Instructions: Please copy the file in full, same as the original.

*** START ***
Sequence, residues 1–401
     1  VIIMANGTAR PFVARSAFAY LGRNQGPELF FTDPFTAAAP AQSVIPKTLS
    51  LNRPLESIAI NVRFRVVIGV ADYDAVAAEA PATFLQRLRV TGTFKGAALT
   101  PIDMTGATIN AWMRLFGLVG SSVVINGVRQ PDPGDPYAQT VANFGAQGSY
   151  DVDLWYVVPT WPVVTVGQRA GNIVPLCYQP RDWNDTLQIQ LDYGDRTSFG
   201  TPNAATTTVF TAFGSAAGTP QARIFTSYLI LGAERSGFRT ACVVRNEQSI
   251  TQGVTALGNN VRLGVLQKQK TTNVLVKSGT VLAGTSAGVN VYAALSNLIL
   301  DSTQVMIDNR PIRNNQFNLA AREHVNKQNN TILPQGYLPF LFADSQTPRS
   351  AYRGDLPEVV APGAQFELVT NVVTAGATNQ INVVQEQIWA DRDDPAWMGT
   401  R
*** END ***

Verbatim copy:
Sequence, residues 1–401
     1  VIIMANGTAR PFVARSAFAY LGRNQGPELF FTDPFTAAAP AQSVIPKTLS
    51  LNRPLESIAI NVRFRVVIGV ADYDAVAAEA PATFLQRLRV TGTFKGAALT
   101  PIDMTGATIN AWMRLFGLVG SSVVINGVRQ PDPGDPYAQT VANFGAQGSY
   151  DVDLWYVVPT WPVVTVGQRA GNIVPLCYQP RDWNDTLQIQ LDYGDRTSFG
   201  TPNAATTTVF TAFGSAAGTP QARIFTSYLI LGAERSGFRT ACVVRNEQSI
   251  TQGVTALGNN VRLGVLQKQK TTNVLVKSGT VLAGTSAGVN VYAALSNLIL
   301  DSTQVMIDNR PIRNNQFNLA AREHVNKQNN TILPQGYLPF LFADSQTPRS
   351  AYRGDLPEVV APGAQFELVT NVVTAGATNQ INVVQEQIWA DRDDPAWMGT
   401  R